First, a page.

Cat Buttons

March 10, 2021

Categories: Skepticism , Tags: Pseudoscience, Cat

Videos have been making their way around the internet this week showing a vet communicating with her cat via a set of large buttons placed on the floor. Each button speaks a word or two when pressed, and in this case both the cat (Billi) and owner (Kendra) press the buttons to communicate with each other. At first glance, it appears that the cat is engaging in meaningful communication with its owner, conveying complex thoughts.

I first saw a video of this cat a few weeks ago on Reddit, and immediately dismissed it as wishful thinking on the part of the cat's owner. Looking at some videos of this a little closer, I’ve come to the conclusion that it's likely to be a combination of a few things:

  1. Obviously the cat is aware that pressing buttons gets attention from its owner. It has an owner who will feed it, play with it, pet it and take it for walks when it walks up to a set of buttons and starts pressing them. This feedback will encourage the cat to press buttons frequently, and will therefore allow for the filming of many interactions. I'm guessing that videos that don't make sense, where the cat presses random buttons, never get posted to the internet.
  2. All the buttons appear to have simple enough words that many word combinations make sense, so it can feel like the cat is trying to convey meaning when any random combination is used. For example, with three buttons that are next to each other - "Billi", "Love You" and "Happy" - most combinations of one, two or three button presses would feel like they convey meaning.
  3. At least one button appears to be positioned in a way that I suspect any cat could learn - the food button is always next to the feeder. This has been the case for at least two different layouts of buttons that I've seen in the videos.
  4. The buttons denoting desires are likely to get a positive response even if the cat presses them randomly. So, for example, if the cat steps on the "wanna play" button and then the owner tries to play with them, the cat is likely to respond. Similarly, if the cat is given some food or has its water bowl refilled after pressing the relevant button, it's likely to show some interest - even if that's not what the cat actually wanted.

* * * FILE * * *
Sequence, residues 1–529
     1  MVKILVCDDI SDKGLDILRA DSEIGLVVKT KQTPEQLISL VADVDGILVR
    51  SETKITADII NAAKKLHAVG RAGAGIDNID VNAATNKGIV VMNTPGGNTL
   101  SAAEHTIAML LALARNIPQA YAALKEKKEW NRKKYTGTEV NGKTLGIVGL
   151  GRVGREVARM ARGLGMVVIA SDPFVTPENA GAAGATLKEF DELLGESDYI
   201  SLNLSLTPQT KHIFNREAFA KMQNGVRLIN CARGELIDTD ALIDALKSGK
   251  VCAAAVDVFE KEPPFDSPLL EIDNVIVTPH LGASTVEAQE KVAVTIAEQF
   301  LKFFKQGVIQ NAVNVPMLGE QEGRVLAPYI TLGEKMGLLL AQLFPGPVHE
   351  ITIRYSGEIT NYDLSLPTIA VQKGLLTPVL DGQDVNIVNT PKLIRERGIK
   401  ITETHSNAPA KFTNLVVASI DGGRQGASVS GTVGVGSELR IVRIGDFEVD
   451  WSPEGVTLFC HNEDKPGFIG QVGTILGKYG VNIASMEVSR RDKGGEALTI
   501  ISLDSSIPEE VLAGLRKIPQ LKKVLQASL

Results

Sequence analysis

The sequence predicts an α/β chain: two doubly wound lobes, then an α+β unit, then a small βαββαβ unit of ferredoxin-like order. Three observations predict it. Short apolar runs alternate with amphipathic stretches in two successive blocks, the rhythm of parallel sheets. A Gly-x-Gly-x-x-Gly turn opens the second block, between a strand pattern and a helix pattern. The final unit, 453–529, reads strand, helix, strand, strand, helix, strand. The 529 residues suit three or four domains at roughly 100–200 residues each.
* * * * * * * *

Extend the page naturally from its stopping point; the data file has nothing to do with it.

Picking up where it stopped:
5. I imagine that Kendra, the owner, has (probably sub-consciously) learned to ask questions in a way that the responses she gets from button presses are more likely to make sense and feel genuine. The videos also seem to show her justifying and explaining actions from the cat that don't like up with the buttons it's pressed.
  6. There'll be a lot of wishful thinking here - both on the part of Kendra, the owner, and the viewers of the video. People like the idea of their cats (and other pets) being intelligent, loving companions, and so they're likely to gloss over all the inconsistencies and hiccups, and jump straight to the conclusion that the videos show meaningful two-way communications between a cat and its owner. The fact that the owner is a vet also helps add weight to the claims.

In the few clips I've now watched on YouTube (opens new window), there are already several examples where the cat doesn't seem to actually want what its button press suggests it wants. In one 2 minute video the cat presses "outside", and then doesn't want to go outside (to which Kendra mentions that this is the second time the cat has asked to go outside and then not actually want to), and later asks for "pets" and then walks away from Kendra immediately afterwards. I figure a cat that was intentionally wanting to be petted would press the button and then walk towards their owner, not away from them.

I like this one. It's not dangerous, it's unlikely to cost people a lot of money (just the cost of a FluentPet button set, for those who are fooled into thinking this would work for their cat), and it's a good test of people's skepticism. Thanks for getting me to have a second look at it, given that I'd just dismissed it the first time round!